There is something to be said about the personal journeys we take when experiencing art. Media in particular has the tendency to pack a self-fulfilling punch. We’re told when experiencing these stories not to take them too personally. Sure, there are lessons to be found within the subject that can speak volumes to one’s own experience with this absurd thing we call life. But what happens on the screen, or in a painting, or in a book, shouldn’t always be taken as a reflection of one’s life. Instead, seeing ourselves in a story or in a character should be seen as guidance; soft advice on how to get through an obstacle that both we and the on-screen personas have faced or will face at some point.
This is, of course, assuming said tale has a very personal, human experience to share. Sometimes, a story has bigger views than mankind’s in perspective, while some prefer to look at the smaller picture. Father Stu aims to be a little bit of both, but its prayers may have very well fallen on shut ears.
Directed and written by Rosalind Ross and starring Mark Wahlberg, Jacki Weaver, Teresa Ruiz, and, y’know, Mel Gibson, Father Stu is based on the true life story of Stuart Long, an amateur boxer turned small-time actor turned Catholic Priest. Seriously. Over the course of this wild ride, Long was diagnosed with Inclusion-Body Myositis (IBM), a rare disease that causes failure in most of the body’s primary muscles. Long’s story is a powerful one, as he searches for answers to his human suffering and ultimately tries to find God.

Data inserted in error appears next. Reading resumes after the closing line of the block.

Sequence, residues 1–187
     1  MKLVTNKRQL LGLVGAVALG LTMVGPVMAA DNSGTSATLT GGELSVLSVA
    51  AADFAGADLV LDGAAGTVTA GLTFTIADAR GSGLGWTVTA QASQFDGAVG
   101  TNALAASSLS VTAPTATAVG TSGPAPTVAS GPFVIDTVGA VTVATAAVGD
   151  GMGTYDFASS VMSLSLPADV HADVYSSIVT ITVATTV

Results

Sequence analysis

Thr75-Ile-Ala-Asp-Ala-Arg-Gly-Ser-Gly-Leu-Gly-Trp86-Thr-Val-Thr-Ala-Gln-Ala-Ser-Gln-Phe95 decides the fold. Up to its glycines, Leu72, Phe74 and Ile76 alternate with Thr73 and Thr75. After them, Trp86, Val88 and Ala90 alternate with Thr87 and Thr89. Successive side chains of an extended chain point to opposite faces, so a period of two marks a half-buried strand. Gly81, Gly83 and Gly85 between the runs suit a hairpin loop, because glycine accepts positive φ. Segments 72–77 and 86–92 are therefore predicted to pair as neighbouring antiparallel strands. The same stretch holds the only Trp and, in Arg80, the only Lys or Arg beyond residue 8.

Now, this writer’s personal journey with religion isn’t all that applicable to this film. And to its credit, Father Stu doesn’t require you to be a believer in order for you to get something out of it. It does, however, seem to give off the message that if you aren’t, that may be why life isn’t going so well for you.
The shaky and slippery slope of faith-based films has always stemmed from the exclusive nature of their stories. It’s not exactly specific to religious cinema, but it’s harder to convince someone to see a movie like Father Stu if they don’t already subscribe to the same magazine (or Bible?) as you. I don’t think that’s what Wahlberg and Ross set out to do when telling this story, necessarily, but here we are.
Let’s put it this way. Father Stu isn’t really trying to get you to believe in something. It’s more about why people choose to believe in something in the first place.
Truthfully, finding religion is a completely understandable and oftentimes helpful way of getting one’s life on track. We seek purpose and understanding when it comes to our place in the bigger picture, and all of us come to different conclusions about what that place is and how we can get there.
But the idea that simply “finding religion” is supposed to be the key to righting one’s wrongs can be a pretty damaging message nowadays, especially in a world where religion is often used to justify backwards and harmful views. Being a good person is about more than just attending church regularly.
Father Stu isn’t necessarily going for this idea. There is a story here presenting a discussion on common human decency, and Stuart Long himself is an example of someone who uses faith as a stepping stone in truly turning his life around. But this is all eventually tossed aside as a throwaway line and replaced with inauthentic epiphanies and Comedy Central roast dialogue throughout.
In fact, the biggest issue Father Stu suffers from is its disingenuous nature, which can really be traced to its writing. Several times in the film, a moment is supposed to be downright heartbreaking, as characters are getting teary eyed while receiving horrible news. But scenes like these are riddled with insincere dialogue often executed placidly by the actors. Father Stu has plenty of the pieces required to have a genuine conversation about faith in our modern world, even if it does take place in the 80s and 90s. But it chooses instead to be a film that feels like it came out at the beginning of the last decade, a film as dated as the most dated views on religion can probably be at this point in the 21st Century.
Father Stu is now playing in theaters. Watch the full trailer here.